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Another term for alcohol addiction is alcoholism, which is characterized as a craving habit for alcohol and one’s inability to prevent oneself from drinking especially when this habit can result in extreme personal and/ or social harm. Frequent drinking, drinking more than intended, trying to quit drinking but is unable to do so, developing alcohol tolerance, experiencing withdrawal when stopping, hampering personal and professional responsibilities wallowing in favour of drinking and spending more time and effort in getting and drinking alcohol are some of the symptoms of alcohol addiction.

However, not all who drink are alcoholic, but those whose life is negatively affected due to consistent alcohol abuse are considered to suffer from alcohol use disorder.


Tobacco abuse is most common substance abuse in the world, which is harder to hide than other substance abuse or addictions. This is probably because it is legal and is easily available to public. Additionally, the cigarette smoke smell also follows the users in their clothing and hairs.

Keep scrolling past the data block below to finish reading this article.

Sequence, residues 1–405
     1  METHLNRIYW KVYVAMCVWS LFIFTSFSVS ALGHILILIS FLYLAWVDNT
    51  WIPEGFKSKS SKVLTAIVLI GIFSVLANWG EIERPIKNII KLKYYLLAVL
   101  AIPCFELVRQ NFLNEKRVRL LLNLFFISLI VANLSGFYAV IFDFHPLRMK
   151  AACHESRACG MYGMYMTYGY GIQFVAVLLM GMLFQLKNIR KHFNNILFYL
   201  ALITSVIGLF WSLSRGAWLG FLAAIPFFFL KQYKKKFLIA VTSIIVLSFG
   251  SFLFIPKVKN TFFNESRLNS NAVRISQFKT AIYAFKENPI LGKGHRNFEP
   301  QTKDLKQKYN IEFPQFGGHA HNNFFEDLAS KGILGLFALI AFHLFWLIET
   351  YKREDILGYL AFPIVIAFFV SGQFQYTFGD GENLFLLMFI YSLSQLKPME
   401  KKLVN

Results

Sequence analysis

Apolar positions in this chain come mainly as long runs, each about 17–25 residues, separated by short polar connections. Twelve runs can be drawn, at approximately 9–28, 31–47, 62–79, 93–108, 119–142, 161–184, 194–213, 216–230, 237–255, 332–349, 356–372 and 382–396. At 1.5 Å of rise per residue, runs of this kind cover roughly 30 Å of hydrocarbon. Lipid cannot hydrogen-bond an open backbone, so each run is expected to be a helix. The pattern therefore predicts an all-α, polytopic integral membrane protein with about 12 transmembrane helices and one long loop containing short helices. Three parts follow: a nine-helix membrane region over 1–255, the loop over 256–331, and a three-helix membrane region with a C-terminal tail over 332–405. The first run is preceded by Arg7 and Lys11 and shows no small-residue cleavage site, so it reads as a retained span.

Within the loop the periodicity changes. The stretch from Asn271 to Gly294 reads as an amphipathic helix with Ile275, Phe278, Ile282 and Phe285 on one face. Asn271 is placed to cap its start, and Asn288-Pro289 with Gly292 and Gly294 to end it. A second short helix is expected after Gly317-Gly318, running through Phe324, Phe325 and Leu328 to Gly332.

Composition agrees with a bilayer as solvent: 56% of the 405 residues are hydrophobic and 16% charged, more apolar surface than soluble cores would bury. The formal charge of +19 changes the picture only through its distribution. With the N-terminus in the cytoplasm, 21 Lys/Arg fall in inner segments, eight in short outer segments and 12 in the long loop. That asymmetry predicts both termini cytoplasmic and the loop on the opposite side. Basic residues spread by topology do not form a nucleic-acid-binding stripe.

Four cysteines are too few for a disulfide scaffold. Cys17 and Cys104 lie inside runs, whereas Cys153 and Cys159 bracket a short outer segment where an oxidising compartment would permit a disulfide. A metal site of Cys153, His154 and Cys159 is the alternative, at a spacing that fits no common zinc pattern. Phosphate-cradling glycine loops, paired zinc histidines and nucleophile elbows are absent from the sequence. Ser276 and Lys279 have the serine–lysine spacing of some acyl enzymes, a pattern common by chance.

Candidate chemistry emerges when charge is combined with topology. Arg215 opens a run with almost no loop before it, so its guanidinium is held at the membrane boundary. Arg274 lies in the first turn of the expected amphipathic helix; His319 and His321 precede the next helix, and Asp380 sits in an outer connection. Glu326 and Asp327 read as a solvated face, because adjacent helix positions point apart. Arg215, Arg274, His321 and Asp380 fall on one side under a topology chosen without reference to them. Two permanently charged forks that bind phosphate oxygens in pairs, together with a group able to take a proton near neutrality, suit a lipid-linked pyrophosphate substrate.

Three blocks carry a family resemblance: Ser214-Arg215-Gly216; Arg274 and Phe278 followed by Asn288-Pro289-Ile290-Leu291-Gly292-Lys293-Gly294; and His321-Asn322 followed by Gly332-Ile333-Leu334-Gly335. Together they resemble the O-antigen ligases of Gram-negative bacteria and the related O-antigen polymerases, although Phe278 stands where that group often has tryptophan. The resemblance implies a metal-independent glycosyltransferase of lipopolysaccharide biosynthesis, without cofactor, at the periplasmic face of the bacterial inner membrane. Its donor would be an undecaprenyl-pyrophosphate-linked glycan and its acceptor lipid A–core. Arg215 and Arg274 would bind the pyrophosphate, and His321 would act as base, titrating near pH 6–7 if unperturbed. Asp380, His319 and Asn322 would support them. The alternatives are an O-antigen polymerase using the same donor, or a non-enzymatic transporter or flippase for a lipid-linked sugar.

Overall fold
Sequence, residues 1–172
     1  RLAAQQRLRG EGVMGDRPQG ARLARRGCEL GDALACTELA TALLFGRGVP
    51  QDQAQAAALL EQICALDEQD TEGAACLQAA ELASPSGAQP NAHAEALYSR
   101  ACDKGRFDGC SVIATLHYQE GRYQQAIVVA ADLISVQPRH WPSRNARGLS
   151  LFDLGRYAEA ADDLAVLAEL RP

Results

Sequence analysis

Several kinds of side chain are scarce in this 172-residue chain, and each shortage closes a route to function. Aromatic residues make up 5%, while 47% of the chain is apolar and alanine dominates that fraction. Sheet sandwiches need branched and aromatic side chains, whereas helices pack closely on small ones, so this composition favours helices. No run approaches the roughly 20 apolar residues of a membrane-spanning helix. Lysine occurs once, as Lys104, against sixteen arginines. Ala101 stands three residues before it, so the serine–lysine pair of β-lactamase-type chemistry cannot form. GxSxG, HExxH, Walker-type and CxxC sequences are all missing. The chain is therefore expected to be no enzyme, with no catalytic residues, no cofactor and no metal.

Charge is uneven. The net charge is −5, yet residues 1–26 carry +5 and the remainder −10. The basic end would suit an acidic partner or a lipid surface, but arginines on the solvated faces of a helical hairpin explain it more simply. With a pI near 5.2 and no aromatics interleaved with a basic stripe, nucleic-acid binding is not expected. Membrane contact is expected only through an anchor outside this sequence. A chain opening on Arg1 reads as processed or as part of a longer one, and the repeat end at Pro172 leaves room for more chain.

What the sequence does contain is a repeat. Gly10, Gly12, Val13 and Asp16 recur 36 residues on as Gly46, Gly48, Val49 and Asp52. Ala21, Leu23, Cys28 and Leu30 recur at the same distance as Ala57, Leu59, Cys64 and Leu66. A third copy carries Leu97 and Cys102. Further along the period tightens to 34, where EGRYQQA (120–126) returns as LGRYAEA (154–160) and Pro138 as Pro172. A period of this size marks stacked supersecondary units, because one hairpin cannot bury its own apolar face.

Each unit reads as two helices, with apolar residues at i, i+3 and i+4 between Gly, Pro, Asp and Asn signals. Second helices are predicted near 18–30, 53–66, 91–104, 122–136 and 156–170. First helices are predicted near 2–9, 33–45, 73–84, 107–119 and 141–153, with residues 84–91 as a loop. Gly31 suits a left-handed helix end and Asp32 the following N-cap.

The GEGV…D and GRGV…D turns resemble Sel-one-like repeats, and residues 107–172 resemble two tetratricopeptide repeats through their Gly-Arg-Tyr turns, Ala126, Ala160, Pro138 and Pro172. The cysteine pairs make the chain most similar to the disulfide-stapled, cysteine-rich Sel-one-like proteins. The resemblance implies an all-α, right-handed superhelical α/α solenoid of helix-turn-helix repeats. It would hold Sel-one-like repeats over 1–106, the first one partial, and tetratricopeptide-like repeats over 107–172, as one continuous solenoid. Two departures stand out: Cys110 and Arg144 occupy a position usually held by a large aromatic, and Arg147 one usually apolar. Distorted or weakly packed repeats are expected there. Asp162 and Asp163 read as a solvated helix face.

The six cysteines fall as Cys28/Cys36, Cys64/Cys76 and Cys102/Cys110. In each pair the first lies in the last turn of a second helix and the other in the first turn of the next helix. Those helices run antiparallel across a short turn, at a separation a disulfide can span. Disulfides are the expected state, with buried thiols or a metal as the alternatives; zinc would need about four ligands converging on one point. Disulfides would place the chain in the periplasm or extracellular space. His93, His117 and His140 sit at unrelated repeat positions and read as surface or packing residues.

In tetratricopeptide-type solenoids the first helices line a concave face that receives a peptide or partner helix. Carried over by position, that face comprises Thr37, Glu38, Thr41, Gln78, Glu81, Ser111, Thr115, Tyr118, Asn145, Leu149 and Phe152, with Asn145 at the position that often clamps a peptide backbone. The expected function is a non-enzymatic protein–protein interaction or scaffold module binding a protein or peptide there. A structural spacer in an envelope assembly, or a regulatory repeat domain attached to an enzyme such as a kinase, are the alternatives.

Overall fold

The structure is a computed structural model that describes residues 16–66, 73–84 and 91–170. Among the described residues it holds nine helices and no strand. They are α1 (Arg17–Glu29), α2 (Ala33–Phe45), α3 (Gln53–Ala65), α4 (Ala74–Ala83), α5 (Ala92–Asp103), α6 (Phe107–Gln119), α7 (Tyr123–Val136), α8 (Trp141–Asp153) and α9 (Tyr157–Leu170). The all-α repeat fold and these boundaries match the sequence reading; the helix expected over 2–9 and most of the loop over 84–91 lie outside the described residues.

Nicotine is the main chemical that causes addiction by causing adrenaline rush in users when absorbed in the bloodstream or when inhaled via smoke. Nicotine triggers dopamine secretion, which is a “happy chemical” and stimulates the area of the brain that is associated with reward and pleasure. Excessive use of tobacco for an extended period can result in psychological and physical addiction.


Excessive consumption of Marijuana can result in the following problems:

  • Relationship issues
  • Worsening of physical and mental health
  • Increased probability of school drop outs and abandoning goals
  • Poor academic conduct and success
  • Increased school or work absentees
  • Poor career success as compared to peers